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J Natl Cancer Inst. 1994 Mar 2;86(5):356-61.

Elevated levels of an angiogenic peptide, basic fibroblast growth factor, in the urine of patients with a wide spectrum of cancers.

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Department of Surgery, Children's Hospital, Boston, Mass.



Experimental evidence supports the hypothesis that the development of blood vessels is fundamental to the growth and metastasis of solid tumors. Elevated levels of the angiogenic peptide basic fibroblast growth factor (bFGF) have been significantly correlated with the status and extent of disease in bladder cancer.


We measured the bFGF levels in patients with cancer in organs other than the bladder to determine whether elevated levels accompany these cancers.


Urine samples were collected from 950 patients having a wide variety of solid tumors, leukemia, or lymphoma and from a control group of 87 healthy volunteers and 198 patients with non-cancer-related diseases. Levels of bFGF in samples prepared from the urine were measured using an enzyme bioassay.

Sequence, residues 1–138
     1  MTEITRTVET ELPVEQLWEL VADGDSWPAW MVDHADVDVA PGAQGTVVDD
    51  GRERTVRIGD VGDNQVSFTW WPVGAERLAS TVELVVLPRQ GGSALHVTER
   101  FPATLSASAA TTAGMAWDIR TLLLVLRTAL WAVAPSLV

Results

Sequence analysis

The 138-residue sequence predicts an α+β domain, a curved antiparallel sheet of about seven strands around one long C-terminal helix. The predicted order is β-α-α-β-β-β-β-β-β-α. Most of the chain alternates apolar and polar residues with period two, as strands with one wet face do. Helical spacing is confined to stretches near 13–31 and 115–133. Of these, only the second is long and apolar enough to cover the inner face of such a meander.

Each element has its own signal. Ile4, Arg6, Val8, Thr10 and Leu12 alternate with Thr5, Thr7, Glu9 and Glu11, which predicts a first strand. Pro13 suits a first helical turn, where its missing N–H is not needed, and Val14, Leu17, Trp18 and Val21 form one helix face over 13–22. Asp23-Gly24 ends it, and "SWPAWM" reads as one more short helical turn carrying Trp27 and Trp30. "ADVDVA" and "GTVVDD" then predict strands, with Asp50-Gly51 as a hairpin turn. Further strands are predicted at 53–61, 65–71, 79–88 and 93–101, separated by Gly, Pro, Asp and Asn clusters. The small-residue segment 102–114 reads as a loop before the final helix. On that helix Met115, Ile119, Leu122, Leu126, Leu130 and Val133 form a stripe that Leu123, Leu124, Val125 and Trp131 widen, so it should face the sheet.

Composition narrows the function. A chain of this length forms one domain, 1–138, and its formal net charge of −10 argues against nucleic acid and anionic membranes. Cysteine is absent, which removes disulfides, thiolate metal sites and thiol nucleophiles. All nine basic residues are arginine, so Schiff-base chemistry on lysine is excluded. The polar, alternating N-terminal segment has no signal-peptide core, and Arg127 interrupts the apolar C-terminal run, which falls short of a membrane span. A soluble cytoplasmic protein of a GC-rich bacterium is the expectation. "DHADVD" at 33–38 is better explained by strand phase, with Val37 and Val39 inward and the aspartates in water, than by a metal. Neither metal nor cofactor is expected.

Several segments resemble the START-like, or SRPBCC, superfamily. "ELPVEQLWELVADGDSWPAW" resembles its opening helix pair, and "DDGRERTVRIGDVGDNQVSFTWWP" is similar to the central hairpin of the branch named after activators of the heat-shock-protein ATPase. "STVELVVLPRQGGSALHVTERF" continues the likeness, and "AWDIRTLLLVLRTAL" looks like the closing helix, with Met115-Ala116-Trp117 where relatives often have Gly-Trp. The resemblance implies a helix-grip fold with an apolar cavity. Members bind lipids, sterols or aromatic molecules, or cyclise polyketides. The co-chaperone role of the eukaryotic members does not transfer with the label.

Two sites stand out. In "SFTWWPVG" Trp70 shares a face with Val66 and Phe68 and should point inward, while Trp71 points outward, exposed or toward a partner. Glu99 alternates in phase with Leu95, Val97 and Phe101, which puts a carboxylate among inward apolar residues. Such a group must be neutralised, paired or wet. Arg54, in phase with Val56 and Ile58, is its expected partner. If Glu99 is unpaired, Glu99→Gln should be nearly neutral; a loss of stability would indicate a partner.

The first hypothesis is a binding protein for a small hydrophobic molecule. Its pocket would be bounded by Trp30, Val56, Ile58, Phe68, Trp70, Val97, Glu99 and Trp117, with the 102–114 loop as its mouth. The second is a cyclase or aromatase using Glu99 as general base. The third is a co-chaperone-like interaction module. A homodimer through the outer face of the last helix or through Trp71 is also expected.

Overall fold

Male control subjects had a median bFGF level of 151 pg/g and female control subjects a median of 237 pg/g, with a combined 90th percentile of 619 pg/g. An elevated level of bFGF was found in the urine of some of the patients with every type of tumor studied except cervical carcinoma. For example, patients with active local cancers had a median level of 312 pg/g. Those with active, metastatic cancers had a median level of 479 pg/g and a 90th percentile level of 14143 pg/g. After "elevated" was defined to mean higher than the 90th percentile level for controls, 31% of patients with local active and 47% of patients with metastatic active cancers showed elevated bFGF levels. Survival among cancer patients at the median follow-up time was 85%-88% for those with "normal" and 71%-72% for those with "elevated" urine bFGF levels.


Our results suggest that bFGF in urine deserves further evaluation of its potential use as a monitor of therapy or as a predictor of outcome once a cancer has been diagnosed.

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